I never told Dan how much I would miss him during the six weeks he was in Hospice, confined first to bed and later to the couch in our apartment. I didn’t want it to be about me. I tried to balance being relentlessly even-tempered with being empathetic, sharing in his sorrow at his life ending too soon.
I didn’t talk with him about my own sadness, my own fears, my own regrets. I just listened to his, and when he couldn’t speak any more, I read the notes he penned to me and held his hand, telling him over and over how much I loved him, how much his life had mattered to so many people.
We didn’t have the conversation about what would happen to me after he was gone beyond making sure that I had all of the necessary website passwords and legal documents. I didn’t want him to feel guilty, and in all honesty I didn’t want to break down in front of him. He had enough to suffer through.
I had read all there was to read about the kinds of thoughts and emotions that people who are dying experience, and I understood that Dan was slowly retreating from this world, from me, into something beyond. The process of coming to terms with impending death — not to mention assessing one’s legacy, the meaning of one’s life — is in the end, a solitary one.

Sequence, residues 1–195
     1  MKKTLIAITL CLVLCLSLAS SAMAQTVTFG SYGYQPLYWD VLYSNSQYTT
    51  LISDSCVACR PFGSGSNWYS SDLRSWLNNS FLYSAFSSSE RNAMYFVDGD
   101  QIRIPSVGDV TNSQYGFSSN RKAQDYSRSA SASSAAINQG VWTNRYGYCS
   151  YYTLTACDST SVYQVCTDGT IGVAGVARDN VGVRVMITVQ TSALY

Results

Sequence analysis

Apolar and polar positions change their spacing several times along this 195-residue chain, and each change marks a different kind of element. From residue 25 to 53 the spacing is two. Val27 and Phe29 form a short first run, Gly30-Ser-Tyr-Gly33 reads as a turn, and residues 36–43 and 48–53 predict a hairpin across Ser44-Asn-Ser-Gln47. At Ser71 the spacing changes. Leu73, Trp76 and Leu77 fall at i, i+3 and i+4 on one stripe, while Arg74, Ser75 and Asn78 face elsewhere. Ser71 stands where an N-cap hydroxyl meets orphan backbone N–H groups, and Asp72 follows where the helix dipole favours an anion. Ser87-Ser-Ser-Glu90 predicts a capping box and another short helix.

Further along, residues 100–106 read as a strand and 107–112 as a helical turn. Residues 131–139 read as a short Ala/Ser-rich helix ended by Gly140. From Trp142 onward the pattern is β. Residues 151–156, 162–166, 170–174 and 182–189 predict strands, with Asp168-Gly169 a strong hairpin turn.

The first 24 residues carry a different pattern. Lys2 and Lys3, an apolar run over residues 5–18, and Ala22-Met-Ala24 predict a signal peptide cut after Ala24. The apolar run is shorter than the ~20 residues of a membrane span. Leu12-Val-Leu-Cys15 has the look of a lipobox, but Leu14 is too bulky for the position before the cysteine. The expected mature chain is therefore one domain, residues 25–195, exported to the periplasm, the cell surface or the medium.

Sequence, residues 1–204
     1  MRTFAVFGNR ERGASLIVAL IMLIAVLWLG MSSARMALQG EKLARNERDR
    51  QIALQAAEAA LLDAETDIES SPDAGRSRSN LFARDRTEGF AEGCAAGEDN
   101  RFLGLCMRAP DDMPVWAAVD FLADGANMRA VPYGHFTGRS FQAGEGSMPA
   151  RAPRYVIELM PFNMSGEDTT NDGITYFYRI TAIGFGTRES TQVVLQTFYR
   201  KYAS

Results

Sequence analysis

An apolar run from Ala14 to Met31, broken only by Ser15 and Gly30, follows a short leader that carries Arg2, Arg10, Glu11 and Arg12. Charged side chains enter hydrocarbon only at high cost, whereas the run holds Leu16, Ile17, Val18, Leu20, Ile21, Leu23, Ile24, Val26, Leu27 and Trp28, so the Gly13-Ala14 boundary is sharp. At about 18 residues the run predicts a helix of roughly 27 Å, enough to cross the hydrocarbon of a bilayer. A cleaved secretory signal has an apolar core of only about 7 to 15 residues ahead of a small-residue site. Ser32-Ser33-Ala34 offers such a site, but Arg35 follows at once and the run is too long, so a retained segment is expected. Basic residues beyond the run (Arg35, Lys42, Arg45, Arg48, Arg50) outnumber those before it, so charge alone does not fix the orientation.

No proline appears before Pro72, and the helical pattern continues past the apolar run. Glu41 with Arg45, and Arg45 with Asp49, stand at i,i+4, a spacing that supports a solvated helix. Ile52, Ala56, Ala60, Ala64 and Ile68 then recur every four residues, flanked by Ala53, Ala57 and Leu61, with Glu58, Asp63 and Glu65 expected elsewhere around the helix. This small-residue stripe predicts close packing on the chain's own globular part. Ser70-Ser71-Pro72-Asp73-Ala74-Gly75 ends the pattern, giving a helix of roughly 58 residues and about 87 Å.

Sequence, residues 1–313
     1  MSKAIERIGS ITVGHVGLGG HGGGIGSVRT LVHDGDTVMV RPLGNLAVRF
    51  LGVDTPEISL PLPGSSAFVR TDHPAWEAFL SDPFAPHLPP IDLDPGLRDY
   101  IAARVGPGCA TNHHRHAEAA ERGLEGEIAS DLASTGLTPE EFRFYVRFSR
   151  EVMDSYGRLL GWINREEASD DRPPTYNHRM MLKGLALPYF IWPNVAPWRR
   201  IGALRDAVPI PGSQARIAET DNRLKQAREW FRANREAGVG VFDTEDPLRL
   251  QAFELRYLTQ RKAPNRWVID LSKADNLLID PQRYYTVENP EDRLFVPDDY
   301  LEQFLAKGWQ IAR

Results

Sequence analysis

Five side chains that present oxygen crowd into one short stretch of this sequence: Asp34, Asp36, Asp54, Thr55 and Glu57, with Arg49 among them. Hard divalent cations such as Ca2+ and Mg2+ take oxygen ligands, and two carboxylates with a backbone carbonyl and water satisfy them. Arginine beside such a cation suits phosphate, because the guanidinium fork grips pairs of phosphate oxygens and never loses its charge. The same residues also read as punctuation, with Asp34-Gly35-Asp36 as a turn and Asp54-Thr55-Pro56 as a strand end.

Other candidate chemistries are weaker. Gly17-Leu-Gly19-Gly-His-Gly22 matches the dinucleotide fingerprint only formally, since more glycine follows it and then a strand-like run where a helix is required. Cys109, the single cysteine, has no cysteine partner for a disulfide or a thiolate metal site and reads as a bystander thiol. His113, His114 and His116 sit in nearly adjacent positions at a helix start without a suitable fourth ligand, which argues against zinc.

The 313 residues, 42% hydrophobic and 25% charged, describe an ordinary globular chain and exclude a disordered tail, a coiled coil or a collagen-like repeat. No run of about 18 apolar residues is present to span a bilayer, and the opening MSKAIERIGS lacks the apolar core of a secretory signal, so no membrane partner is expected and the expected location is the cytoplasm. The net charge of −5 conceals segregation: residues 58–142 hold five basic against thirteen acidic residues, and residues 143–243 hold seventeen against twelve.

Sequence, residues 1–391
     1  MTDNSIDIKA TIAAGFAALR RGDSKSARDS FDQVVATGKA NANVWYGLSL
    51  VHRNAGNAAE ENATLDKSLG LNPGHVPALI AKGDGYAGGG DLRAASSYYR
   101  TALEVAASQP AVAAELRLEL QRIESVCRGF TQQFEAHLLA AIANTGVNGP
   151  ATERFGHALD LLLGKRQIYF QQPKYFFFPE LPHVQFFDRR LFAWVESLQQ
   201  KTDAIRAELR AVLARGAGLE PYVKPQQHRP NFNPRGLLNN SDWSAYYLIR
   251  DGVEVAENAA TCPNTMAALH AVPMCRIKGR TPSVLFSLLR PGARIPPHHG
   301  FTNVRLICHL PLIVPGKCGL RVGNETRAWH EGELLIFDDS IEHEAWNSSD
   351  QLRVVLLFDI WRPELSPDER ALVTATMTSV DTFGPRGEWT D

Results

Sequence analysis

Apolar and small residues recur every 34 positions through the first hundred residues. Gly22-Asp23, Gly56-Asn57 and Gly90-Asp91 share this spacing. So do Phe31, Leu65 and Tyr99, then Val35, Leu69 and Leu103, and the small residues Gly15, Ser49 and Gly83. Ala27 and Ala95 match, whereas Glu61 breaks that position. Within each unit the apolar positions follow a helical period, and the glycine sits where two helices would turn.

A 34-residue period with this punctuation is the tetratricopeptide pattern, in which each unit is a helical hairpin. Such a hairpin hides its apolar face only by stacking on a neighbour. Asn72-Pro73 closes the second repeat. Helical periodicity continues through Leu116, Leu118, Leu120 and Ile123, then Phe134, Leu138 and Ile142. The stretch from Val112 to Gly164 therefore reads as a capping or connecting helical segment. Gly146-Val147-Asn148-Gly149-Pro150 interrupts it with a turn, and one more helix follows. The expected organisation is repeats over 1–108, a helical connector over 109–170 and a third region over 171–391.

And now I wonder. Should I have shared more my own feelings with him?
Three months later, I long for the consolation that his words so often gave me when I doubted myself, or when I just needed to feel stronger, or prettier or more loved. One of the peculiarities of grief is the way in which it sneaks up on one when least expected. It’s in the little things, the everyday moments when one’s person is just so visibly, achingly, maddeningly absent.
“You’re all dressed up,” Dan would say to me whenever I put on an outfit fancier than workout clothes. It became code for “I see you, and I love to look at you, you make me so proud to be with you.” I would chuckle and say, “No, I’m not.” Sometimes he would follow up with, “I’ve never seen that before.” And of course I would protest, because of course he had. It was just his way of saying “Looking at you never gets old.” It was so very sweet, so very much just a little verbal tango of love between us.
Now when I stand in front of the mirror after getting dressed, checking to make sure that nothing is amiss, Dan’s words come back to me. “You’re all dressed up,” says my reflection. “No I’m not” I think. And just like that, I feel Dan. Often I tear up, sometimes I have to stifle sobs, but always I end up smiling. I won’t ever be able to look in the mirror on the back of our bedroom door without knowing that his love for me still exists, no matter what has happened to his body.
Empowered, I can go out into the world, not in widow’s weeds, but “all dressed up,” strong enough to face what needs to be faced, alone but not lonely, no regrets.